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Judicial discretion in custody determinations and the need for strong advocacy, P.2

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In our last post, we began looking at the issue of judicial discretion in child custody cases, specifically as it plays out in the consideration of the best interests of the child standard. As we noted, courts consider a wide variety of factors when in determining what custody arrangement is in the best interests of the child.

Joint custody is certainly not appropriate in every case, but sometimes it is. As in other potential custody arrangements, the best interests of the child is still the central consideration when considering the possibility of joint custody. Many of the factors mentioned last time will also be applicable for joint custody, though case law is a bit more precise with the factors in such cases. 

The first and most important consideration with joint custody is the ability of the parents to communicate effectively with one another and to reach shared decisions about the child's well being. Also of great importance is the willingness of the parents to share custody, the fitness of the parents, and the relationship each parent has with the child. A variety of other factors of lesser importance are considered in such cases as well, but parents who are deemed not to have the ability to effectively communicate or the willingness to cooperate with one another in a joint custody arrangement are not as likely to be awarded a joint custody arrangement.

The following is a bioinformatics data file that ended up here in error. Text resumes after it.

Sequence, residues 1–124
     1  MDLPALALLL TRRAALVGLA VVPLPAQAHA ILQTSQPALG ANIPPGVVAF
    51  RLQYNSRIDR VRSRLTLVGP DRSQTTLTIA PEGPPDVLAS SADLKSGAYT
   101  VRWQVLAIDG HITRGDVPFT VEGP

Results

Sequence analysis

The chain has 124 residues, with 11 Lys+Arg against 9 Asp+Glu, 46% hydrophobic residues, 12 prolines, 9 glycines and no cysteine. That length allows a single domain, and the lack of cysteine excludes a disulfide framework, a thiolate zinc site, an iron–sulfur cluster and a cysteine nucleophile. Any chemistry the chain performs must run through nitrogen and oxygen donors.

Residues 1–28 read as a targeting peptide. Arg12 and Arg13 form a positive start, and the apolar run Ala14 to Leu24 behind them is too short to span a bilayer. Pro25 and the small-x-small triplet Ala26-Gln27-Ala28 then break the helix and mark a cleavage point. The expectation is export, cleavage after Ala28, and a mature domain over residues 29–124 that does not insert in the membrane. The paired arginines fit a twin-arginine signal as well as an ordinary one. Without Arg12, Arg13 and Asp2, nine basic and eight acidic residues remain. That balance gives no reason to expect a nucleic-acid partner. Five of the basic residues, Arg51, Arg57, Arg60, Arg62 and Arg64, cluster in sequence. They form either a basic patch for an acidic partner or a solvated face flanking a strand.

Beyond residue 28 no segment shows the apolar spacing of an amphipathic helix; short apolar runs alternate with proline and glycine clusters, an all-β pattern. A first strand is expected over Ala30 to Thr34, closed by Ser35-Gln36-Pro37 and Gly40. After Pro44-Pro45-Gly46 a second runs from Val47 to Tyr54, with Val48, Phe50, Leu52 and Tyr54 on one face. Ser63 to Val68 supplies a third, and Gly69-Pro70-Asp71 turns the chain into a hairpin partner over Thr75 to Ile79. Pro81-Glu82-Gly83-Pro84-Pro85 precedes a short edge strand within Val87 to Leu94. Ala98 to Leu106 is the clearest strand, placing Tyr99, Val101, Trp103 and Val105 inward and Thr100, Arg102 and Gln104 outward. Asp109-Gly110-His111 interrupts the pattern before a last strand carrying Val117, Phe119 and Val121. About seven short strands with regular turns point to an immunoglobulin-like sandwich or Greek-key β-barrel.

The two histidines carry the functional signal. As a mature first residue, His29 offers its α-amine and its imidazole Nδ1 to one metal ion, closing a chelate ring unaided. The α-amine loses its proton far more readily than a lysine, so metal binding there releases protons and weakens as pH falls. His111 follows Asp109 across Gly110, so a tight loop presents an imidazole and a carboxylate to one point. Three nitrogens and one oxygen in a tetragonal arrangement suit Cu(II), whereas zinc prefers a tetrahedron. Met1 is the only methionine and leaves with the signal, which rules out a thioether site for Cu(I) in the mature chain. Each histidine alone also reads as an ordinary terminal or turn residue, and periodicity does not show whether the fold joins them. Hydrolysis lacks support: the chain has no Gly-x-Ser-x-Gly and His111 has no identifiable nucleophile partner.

One of the reasons judges have so much discretion in child custody determinations is that every family has a different set of circumstances. Determining what is best for a child is an inherently difficult matter, and there is always a certain amount of subjectivity in the process. Effective advocacy for a parent in child custody cases is always centered on what is best for the child, but because some of the factors to be considered involve the qualities, characteristics and circumstances of the parents, it is important for parents to ensure the court has accurate and complete information. This is particularly important in contentious cases where there are false allegations or mischaracterizations of a parent. 

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